How Nutritional Is Your Child’s School Lunch?

by SKHC Editor on August 31, 2009

Parents of Texas school-aged children no longer have to worry about the nutritional value of what’s on the school lunch menu. The strict Texas Public School Nutrition Policy has phased in certain aspects over the past few years but recently went into full effect.

What does this entail for elementary, middle and high school students? For starters, the elimination of deep-fat frying foods – no more deep-fried anything, period. Portions may not exceed 3 ounces and may be purchased only one serving at a time. Still hungry and want a second serving? To the back of the line you go. Instead of white rice students are now being served brown rice. Vending machines stocked full of candy and soda will no longer be accessible during the school day.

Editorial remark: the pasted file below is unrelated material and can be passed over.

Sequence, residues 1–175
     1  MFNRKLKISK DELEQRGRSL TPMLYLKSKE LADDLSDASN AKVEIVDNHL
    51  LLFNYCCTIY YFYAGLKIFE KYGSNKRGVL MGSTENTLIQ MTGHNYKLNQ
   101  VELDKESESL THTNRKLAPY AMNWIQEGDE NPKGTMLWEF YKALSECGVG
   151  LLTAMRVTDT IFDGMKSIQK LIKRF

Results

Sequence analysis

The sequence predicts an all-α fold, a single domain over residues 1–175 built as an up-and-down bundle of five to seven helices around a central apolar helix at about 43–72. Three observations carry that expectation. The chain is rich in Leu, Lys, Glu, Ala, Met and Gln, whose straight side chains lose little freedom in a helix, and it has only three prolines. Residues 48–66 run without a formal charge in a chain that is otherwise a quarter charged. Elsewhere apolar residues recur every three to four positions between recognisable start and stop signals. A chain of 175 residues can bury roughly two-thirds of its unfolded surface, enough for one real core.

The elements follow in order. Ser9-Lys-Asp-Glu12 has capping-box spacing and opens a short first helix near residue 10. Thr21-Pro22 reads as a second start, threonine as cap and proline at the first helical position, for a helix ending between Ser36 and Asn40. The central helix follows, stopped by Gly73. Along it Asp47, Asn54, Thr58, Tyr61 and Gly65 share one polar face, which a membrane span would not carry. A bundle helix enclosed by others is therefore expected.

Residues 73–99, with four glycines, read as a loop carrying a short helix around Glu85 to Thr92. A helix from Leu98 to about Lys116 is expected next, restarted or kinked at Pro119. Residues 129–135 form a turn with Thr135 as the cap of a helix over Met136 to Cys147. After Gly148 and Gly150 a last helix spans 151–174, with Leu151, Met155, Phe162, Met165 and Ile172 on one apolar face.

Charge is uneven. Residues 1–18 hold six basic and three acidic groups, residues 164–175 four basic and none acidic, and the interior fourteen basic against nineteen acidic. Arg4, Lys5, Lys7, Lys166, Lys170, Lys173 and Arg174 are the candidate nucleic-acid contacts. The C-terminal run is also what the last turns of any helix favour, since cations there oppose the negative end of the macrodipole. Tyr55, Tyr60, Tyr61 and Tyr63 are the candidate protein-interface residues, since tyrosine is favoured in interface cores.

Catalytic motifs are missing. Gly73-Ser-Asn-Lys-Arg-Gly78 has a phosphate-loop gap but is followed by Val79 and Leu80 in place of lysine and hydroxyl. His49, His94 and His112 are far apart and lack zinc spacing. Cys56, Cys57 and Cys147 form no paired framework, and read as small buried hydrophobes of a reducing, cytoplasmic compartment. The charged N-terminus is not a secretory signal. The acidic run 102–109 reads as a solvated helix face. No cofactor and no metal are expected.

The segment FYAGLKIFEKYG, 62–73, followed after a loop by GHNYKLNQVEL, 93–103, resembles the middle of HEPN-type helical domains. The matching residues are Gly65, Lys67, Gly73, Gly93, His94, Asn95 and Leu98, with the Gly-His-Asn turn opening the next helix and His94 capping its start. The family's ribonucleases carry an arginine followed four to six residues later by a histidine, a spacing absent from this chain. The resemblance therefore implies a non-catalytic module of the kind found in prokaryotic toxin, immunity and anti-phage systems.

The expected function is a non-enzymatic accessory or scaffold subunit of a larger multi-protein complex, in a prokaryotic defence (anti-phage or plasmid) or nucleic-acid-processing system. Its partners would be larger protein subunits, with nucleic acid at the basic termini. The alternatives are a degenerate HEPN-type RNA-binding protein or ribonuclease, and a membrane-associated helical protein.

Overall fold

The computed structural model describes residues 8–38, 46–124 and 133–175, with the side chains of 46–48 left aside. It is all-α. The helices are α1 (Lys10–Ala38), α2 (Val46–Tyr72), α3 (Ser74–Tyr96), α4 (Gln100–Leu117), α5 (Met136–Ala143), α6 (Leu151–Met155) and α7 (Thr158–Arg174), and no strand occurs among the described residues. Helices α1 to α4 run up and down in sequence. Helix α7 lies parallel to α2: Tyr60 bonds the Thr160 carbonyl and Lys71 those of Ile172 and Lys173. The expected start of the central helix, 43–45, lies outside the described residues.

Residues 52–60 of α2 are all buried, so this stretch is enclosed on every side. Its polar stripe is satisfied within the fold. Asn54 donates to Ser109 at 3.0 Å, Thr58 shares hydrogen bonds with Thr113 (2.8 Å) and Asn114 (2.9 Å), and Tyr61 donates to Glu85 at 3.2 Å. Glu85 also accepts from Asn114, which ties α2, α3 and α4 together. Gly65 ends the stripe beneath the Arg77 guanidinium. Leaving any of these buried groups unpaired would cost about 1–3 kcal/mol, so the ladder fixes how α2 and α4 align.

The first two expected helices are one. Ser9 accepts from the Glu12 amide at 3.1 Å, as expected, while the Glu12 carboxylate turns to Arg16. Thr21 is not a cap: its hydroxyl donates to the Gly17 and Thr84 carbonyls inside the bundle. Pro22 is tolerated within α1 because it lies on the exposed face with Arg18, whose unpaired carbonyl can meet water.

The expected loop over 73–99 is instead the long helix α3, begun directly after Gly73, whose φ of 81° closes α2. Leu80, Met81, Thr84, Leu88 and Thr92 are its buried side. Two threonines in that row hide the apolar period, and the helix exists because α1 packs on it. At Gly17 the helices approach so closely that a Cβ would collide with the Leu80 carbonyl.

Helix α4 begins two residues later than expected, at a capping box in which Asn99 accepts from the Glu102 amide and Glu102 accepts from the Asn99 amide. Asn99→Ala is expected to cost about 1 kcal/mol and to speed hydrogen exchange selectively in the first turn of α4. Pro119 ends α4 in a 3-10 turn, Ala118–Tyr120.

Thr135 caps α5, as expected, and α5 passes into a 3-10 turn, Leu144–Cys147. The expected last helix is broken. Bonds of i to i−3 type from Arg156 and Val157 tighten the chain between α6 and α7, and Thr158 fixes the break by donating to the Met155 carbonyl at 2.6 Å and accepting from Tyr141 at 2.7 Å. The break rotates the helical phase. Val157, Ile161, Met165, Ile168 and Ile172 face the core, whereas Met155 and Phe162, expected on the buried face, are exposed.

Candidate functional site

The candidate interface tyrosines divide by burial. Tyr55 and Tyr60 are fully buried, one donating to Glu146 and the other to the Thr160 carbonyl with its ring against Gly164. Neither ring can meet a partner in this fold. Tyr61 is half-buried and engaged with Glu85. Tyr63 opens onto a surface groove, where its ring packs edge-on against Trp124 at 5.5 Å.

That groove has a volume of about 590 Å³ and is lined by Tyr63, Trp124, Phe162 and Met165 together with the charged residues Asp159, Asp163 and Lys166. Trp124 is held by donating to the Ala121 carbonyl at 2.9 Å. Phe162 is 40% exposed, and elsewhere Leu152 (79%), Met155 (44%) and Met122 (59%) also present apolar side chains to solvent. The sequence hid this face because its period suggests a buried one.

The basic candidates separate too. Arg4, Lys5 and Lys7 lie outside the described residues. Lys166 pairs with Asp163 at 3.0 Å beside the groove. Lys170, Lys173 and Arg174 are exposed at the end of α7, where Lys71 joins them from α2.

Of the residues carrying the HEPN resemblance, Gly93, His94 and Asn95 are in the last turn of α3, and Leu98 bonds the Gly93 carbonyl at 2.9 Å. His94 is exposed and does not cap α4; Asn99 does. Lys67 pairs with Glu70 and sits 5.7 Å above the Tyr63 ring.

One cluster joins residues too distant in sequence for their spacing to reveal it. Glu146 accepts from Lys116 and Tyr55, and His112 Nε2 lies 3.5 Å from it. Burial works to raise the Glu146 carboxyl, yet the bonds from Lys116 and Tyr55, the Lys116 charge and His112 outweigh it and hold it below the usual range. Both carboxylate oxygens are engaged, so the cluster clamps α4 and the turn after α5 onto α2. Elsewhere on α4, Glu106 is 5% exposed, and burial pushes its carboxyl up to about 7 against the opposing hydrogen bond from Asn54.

“I think it’s good that they’re not selling the candy, the cookies and all the junk food, so many of the kids would put it on their plate, and it would be the first thing they’d eat every day,” said former school nurse Greta Jarboe.

The newly incorporated policy however does not restrict what food or beverages parents may put in their kids’ lunch bags.

The new food policy was passed by legislature due to concern that too many Texas children are overweight. The hope is that with the limited availability of unhealthy foods (AKA “foods of minimal nutritional value”) at school the students will be encouraged to make healthy eating choices not only in the cafeteria line but at home as well.

All in all this sounds like a great policy that hopefully will get taken into consideration by other schools and state legislatures.


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